14. AHChris

    AHChris Member

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    I use microphones and real drumkits... never got satisfying results with programmed drums
     
  15. 006

    006 Member

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    I record real drums on everything except my own personal stuff which I program. Though I tend to replace the natural drums with samples or at the very least augment heavily. Most of that is due to the genre of music I work on mainly which the trend is to have the quantized and replaced drums. Every once in a while I get a band that plays the kind of music you can do all natural drum sounds which is fun to work on from time to time. It just comes down to what sounds better for the project. Of course that is subjective, but to me certain genres do simply sound better with the Q'ed and replaced drums, I don't think those trends are going anywhere any time soon.
     
  16. Sly

    Sly Member

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    When you have a great drummer available, some great gear to record (drumkit, drumheads, mics, pres etc.), I'll try to keep as much of the real kit as I can and create all the other sounds around it. I think POD, Slate drums and so on are TOOLS only, I think you still can be creative with those tools and get amazing and personnal mixes using them. I don't rely on the tools to get the sound but on the mixing and the creative way you can use those tools.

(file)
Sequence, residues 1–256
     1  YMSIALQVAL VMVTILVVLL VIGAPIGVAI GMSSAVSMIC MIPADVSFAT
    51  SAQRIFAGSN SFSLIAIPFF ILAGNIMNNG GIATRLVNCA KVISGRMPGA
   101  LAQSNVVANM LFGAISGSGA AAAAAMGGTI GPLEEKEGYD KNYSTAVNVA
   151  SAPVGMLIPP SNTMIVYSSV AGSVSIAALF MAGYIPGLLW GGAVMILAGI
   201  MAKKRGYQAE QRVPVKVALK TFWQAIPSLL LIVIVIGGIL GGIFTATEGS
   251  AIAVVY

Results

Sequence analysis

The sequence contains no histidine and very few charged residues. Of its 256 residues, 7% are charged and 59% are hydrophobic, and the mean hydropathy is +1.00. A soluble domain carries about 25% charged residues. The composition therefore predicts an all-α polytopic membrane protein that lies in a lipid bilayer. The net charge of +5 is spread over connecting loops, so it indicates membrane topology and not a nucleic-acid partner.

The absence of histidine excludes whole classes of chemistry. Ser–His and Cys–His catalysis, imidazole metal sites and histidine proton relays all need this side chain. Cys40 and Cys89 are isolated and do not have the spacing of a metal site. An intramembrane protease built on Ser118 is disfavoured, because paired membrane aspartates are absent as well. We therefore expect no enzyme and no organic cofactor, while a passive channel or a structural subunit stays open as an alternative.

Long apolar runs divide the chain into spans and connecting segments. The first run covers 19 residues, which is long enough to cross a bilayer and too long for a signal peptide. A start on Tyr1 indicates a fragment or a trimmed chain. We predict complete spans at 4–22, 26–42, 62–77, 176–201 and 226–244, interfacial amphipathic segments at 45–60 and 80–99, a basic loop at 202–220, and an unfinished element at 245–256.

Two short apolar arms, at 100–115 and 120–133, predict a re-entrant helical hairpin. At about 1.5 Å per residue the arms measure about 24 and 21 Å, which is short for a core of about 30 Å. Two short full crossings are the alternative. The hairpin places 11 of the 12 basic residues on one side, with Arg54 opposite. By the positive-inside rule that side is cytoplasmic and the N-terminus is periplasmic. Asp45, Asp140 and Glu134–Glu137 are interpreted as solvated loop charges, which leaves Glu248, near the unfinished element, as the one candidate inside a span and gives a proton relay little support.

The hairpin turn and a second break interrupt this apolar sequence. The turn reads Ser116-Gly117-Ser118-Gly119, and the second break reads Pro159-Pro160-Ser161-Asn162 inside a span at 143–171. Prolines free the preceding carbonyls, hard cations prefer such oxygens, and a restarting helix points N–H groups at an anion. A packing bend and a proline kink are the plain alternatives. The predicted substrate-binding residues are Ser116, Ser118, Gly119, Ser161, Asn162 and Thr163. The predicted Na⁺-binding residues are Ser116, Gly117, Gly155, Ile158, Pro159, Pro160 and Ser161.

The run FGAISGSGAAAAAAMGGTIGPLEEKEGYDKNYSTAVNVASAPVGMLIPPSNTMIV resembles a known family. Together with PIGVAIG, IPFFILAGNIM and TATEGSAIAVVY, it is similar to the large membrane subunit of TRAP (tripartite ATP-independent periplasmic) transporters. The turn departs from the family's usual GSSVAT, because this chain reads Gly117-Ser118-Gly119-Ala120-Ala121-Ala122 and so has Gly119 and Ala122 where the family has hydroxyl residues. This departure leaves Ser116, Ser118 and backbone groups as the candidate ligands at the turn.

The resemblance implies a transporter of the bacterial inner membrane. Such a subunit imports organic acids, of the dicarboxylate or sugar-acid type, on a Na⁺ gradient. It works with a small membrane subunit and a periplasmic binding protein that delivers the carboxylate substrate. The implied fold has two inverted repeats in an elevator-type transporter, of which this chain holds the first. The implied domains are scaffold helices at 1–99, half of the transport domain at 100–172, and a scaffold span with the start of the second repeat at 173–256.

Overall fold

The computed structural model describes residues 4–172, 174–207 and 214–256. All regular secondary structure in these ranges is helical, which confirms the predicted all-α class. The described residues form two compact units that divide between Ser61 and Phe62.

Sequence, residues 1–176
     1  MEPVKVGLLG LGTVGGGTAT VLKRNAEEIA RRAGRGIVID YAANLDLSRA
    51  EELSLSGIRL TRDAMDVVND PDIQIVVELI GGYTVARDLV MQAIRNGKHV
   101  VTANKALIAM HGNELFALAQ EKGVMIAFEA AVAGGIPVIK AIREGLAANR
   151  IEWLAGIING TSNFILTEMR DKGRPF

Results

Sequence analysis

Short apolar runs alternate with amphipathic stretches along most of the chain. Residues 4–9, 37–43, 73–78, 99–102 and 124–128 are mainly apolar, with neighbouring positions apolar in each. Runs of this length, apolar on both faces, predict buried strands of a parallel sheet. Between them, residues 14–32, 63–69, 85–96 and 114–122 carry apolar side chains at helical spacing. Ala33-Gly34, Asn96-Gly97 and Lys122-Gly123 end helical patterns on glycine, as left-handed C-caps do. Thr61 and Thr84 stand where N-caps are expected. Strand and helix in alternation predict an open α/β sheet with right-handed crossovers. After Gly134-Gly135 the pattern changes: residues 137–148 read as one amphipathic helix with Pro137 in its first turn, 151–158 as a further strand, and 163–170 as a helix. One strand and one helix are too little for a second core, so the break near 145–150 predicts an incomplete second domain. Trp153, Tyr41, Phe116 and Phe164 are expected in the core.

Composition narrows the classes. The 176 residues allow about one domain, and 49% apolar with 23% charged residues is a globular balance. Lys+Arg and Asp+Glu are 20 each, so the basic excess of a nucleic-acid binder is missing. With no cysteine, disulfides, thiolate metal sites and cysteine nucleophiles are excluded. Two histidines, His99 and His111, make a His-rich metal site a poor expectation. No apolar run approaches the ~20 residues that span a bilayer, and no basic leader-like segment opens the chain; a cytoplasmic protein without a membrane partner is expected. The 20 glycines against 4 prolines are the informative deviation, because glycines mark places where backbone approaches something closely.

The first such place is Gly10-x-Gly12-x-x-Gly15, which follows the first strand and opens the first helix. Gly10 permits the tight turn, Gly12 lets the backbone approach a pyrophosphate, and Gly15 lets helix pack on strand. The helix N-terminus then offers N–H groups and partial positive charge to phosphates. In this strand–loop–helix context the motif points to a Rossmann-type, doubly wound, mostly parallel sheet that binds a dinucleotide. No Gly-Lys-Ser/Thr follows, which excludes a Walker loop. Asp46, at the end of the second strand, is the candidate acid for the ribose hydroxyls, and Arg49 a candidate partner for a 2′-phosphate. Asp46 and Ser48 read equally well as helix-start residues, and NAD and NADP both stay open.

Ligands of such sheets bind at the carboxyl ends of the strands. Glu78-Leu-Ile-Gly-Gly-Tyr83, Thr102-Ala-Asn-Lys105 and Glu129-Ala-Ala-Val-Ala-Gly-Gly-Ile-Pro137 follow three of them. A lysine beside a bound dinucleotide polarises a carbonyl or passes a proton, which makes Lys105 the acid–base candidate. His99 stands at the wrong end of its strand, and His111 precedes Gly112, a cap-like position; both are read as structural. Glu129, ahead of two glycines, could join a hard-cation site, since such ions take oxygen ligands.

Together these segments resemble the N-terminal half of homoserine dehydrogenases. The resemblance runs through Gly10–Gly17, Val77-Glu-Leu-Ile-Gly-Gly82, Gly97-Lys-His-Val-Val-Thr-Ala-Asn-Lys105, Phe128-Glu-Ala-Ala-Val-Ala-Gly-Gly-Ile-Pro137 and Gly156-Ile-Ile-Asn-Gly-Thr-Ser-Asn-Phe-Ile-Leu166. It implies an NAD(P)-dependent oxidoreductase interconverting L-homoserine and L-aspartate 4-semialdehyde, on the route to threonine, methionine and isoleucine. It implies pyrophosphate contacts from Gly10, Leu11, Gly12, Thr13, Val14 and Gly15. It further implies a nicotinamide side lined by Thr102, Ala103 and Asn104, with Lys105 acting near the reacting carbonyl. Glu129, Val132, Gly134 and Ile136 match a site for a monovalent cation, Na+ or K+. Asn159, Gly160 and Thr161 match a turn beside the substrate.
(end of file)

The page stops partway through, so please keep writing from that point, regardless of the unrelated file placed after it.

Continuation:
17. drew_drummer

    drew_drummer Dancefap

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    I just don't agree with that at all.
     
  18. drew_drummer

    drew_drummer Dancefap

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    Drums nowadays are a hyper-real sound. They get edited so much and layered so much, they never sound like they do naturally. But I still prefer to use natural drums as the fundamental basis of the drum-sound, any augmentation comes after. But just using samples never really pleases me... it's mostly in the room sound.

    There is something magical that happens with cymbals, you get all these lush overtones from repeated hits, where the sounds are all congealing in the air from the reflections coming back towards the kit at the same time as the next hit coming from the drum. Software drums just don't capture this. You play samples one after the other, but there is no interaction - it's all static sample playback.

    So yeah.... I love software drums for augmentation, but wouldn't rely on it for a serious project.
     
  19. The Unavoidable

    The Unavoidable jättebög

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    This should have been the second post, and the thread should have ended there. :lol:
     
  20. DanLights

    DanLights Santa Hat Forever

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    I would love some clips to prove this if possible. Logic tells me this doesn't make sense, but of course I don't have the experience to actually know it